Shalin Singh, Assistant Vice President, Kreate Energy
If we glance around us, almost everything we see needs energy to function. The fact is that we live in a heavily energy- dependent world and reliable energy is critical to our daily lives and our socio-economic system. As living standards improve around the globe and an ever- growing number of consumers reap the benefits of economic advancement, the implication of this progress is that the demand for energy grows by leaps and bounds. There are a number of reasons that have made energy pivotal today. The uses of energy range from lighting to space heating, from food to metallurgical industries and from stationary uses to commercial flights.
The immense demand for energy has resulted in the development of the energy trading industry that has made rapid progress in the past years. The chief factors pertaining to this industry are demand and supply. There are numerous energy suppliers and consumers to sell or buy every type of energy product today. These “products” can be traded physically like other commodities in the market such as corn and gold. In the most comprehensible terms, energy trading is the buying, selling and moving of energy in bulk from where it is in excess to where it is needed.
Today, many places around the world suffer from the unavailability of adequate energy supply. Not all countries can produce enough energy within their nation’s boundary, which is why energy trading is vital. Logistics and defined supply chains are necessary in this day and age. The energy sector has gone from being plain vanilla to multi-flavoured, meaning there are so many players in the market that are inducing positive competition by satisfying specific customer needs.
Energy trading creates a system whereby consumers can take advantage of other users who produce more energy than they use. Those with excess energy can simply sell the excess to others for monetary gain as opposed to storing it, diminishing it, or exporting it to the power grid.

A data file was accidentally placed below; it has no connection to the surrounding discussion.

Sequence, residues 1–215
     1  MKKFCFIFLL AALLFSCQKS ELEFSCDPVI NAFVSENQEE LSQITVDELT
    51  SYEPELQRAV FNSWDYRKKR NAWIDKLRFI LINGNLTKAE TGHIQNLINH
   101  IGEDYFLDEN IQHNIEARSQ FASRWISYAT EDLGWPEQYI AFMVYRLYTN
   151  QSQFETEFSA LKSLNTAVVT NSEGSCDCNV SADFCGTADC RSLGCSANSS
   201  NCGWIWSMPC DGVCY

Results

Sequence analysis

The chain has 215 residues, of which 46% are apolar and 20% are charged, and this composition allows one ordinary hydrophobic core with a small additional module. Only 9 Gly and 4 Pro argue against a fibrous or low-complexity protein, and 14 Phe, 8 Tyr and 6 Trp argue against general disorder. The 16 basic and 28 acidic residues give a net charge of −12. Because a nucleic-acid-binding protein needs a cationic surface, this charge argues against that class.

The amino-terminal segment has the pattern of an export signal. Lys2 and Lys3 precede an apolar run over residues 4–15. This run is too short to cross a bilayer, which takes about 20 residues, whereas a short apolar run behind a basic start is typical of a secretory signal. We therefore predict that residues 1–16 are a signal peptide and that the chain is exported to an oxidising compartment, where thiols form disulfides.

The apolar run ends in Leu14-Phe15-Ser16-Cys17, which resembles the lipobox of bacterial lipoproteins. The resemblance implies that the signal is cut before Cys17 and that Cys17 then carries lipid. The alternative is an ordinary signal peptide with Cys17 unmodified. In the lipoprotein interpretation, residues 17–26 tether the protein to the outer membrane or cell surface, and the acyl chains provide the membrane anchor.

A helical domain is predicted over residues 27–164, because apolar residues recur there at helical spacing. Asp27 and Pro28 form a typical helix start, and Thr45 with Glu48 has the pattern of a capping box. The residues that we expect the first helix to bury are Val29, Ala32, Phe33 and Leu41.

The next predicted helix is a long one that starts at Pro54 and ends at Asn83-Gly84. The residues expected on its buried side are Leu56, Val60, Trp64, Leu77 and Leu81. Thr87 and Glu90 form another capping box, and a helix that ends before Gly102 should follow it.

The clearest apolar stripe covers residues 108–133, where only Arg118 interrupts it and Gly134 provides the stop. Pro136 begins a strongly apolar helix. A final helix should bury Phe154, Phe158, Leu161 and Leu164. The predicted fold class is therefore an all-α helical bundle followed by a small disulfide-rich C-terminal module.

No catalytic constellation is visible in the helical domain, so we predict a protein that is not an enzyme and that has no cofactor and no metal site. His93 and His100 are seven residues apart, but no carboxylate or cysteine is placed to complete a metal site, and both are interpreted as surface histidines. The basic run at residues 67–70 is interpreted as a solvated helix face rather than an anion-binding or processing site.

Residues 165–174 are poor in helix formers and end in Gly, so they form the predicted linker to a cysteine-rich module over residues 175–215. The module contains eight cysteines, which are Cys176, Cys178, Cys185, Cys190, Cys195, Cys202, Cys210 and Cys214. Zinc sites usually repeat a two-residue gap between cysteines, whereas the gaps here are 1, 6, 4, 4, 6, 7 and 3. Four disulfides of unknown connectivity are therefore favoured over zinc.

Conventionally, energy is intermediary-centric. Sellers, lenders, buyers and borrowers transact through an intermediary as the transaction needs to be verified by a central reconciling authority. Traders need to draft contracts and directly communicate with one another. After the necessary arrangements are made, all the required transactions involve the public macro grid.
Much like laser, another technology called “blockchain” has emerged in recent times and is disrupting the tech world today. The scope of this technology at this moment is unfathomable. With the implementation of blockchain in the energy sector, traders will be able to place bids for energy and execute purchases through smart contracts, without the need for a central authority. Smart contracts are, intrinsically, transactions conducted only after definite conditions are met. Moreover, payments can be in real time as opposed to on credit, and reconciliation can be almost instant.
What is blockchain?
Blockchain is a distributed, decentralised, public ledger. The term blockchain is much easier to understand than one may think. At its most fundamental level, blockchain is literally a chain of blocks, but not in the traditional sense of the word. When we say the words “block” and “chain” in this context, we are talking about digital information (the “block”) stored in a public database (the “chain”). These blocks store data about transactions, time, date and currency amount, using a unique digital signature, like a username.